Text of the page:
During her four years at Man’ei, Sakane made fourteen films for both Japanese and Chinese viewers, including Children’s Manchuria (1942), Working Women (1942), and Healthy Little Citizens (1942). Amongst these titles, only the documentary film Brides of the Frontier (1943) is known to be extant. The film sought to encourage young Japanese women to settle down in Manchuria as farmers’ wives, against the background of a severe labor shortage in Manchuria. Featuring Japanese men and women performing household activities side by side in the idyllic countryside, the film carved out a utopia seemingly intact from war mobilization and a land of gender equality that was unimaginable in Japan. Apart from Brides of the Frontier, Sakane made thirteen educational shorts that provided essential knowledge of everyday living particularly for women, such as vegetable preservation, indoor gardening, and heater usage. Sakane herself appeared in her educational film Gardening in Spring (1944).
In August 1945, Japan’s defeat in the Asian Pacific War coincided with Man’ei’s collapse, simultaneously terminating Sakane’s two on-going film projects. The Soviet Red Army quickly took control of Man’ei, followed by the Chinese Communist Party (CCP), turning the site into Northeast Film Studio, also known as “the cradle of new China’s cinema” (Zhang 2012, 165). Alongside other Japanese staff who opted to stay in China, Sakane joined the newly founded Chinese studio. She trained Chinese film workers, most of whom had no filmmaking experience, and cooperated with them in making propaganda films for CCP’s newborn regime. In September 1945, Sakane was invited by the Red Army to make a documentary on Sino-Soviet friendship, yet no record of its availability has been found. “I don’t have any political leaning, nor am I affiliated to any party,” Sakane wrote in her diary in 1945. “I am only a film worker” (qtd. in Ōnishi 172).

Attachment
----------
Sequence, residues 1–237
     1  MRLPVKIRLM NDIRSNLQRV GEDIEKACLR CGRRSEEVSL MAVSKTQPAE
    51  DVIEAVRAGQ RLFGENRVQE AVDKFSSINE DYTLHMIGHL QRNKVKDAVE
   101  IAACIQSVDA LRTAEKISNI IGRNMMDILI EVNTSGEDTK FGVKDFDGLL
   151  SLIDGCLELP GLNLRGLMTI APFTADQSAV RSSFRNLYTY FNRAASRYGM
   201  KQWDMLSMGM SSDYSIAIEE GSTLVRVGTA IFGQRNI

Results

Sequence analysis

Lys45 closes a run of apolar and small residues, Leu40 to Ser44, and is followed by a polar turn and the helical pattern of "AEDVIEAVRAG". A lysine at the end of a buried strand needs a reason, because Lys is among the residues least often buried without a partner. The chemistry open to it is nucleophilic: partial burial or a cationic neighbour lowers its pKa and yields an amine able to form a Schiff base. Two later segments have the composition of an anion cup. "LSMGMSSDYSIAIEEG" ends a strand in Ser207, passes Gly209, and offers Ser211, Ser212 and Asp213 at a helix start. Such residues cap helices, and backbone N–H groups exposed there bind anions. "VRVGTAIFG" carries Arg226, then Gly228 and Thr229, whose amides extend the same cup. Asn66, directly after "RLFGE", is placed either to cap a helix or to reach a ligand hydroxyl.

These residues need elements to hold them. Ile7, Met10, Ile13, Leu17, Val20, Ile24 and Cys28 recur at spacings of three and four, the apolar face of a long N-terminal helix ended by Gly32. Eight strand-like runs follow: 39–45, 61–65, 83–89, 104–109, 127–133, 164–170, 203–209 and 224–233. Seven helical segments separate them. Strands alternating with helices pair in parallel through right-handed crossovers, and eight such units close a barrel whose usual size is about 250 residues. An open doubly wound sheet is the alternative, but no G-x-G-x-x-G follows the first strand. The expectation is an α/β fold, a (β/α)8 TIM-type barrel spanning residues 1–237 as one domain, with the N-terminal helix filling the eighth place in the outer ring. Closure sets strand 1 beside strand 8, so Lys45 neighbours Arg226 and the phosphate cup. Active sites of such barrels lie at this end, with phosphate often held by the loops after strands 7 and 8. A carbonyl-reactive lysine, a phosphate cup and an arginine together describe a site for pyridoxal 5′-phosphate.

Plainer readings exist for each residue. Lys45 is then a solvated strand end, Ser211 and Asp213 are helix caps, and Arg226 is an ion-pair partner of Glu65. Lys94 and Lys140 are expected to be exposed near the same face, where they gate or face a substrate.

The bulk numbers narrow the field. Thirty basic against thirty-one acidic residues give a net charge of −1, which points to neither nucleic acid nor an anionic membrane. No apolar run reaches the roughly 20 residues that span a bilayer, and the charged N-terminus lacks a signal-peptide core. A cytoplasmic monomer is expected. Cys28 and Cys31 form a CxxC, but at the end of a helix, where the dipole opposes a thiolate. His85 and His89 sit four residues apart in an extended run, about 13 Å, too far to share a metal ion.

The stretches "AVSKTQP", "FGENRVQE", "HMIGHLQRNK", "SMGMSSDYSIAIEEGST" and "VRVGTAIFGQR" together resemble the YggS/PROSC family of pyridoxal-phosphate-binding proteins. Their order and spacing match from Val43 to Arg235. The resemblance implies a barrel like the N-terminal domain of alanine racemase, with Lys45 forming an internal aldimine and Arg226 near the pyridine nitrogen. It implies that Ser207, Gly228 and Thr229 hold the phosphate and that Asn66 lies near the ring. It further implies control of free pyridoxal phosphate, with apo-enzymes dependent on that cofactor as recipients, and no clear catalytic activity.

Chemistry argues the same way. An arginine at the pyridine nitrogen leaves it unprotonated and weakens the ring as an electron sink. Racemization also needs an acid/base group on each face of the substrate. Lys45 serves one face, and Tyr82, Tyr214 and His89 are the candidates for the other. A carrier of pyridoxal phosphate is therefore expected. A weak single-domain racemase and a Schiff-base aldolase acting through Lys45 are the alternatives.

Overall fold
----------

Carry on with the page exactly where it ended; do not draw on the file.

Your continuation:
Sakane went back to her homeland in October 1946, which ironically marked the very end of her directorial career on the grounds that she had to have a college degree to be a director in post-war Japan. Sakane was forced, at age forty-two, to return to Mizoguchi as his assistant–the only position available to her–and help him on a number of critically acclaimed films, including The Love of Actress Sumako (1947), Women of the Night (1948), and My Love Has Burned (1949), to name but a few. In 1962, Shochiku cut down the retirement age from sixty to fifty-five, and the fifty-seven-year old Sakane retired from the studio, ending a career that spanned thirty-three years. After retirement, she continued to work as a freelance scriptwriter for the Daiei Company until her death from gastric cancer in 1971 at the age of seventy.
For all the discussions on Sakane, one striking aspect of her persona has largely been ignored. A decent number of photographs depict a woman who favored a look and style that connote lesbian identity. Moreover, she was quite open about her interest in lesbian subculture worldwide, even acknowledging Dorothy Arzner and Leontine Sagan’s radical German lesbian film Mädchen in Uniform (1931) as major inspirations, according to Ikegawa Reiko’s 2012 presentation at the Makino Symposium at Columbia University. As I have argued elsewhere, assuming a masculine persona to resist and readdress the sexist and constricting roles enforced by Japanese society, Sakane embodied a queerness so threatening to male superiority. The unsettling erasure of Sakane seems to reflect on what might be retrospectively regarded as a “homophobia” inscribed in our history writing that unwittingly partakes in the patriarchal negation of her embodied queerness (Zhao 2017, 10-11). Did an (unspoken) lesbianism inform her cinematic representations of women, a group so central to her oeuvre? Did her female and feminist perspective possibly exert an influence on Mizoguchi, who was often labeled a “feminist” or “woman’s director” (Morimoto 1994, 15)? To be sure, Sakane did not leave behind any personal belongings that substantiate her lesbian identity. Still, to address these issues revolving around her sexuality may in some way open up new horizons in alternative feminist historiographies.
See also: Tanaka Kinuyo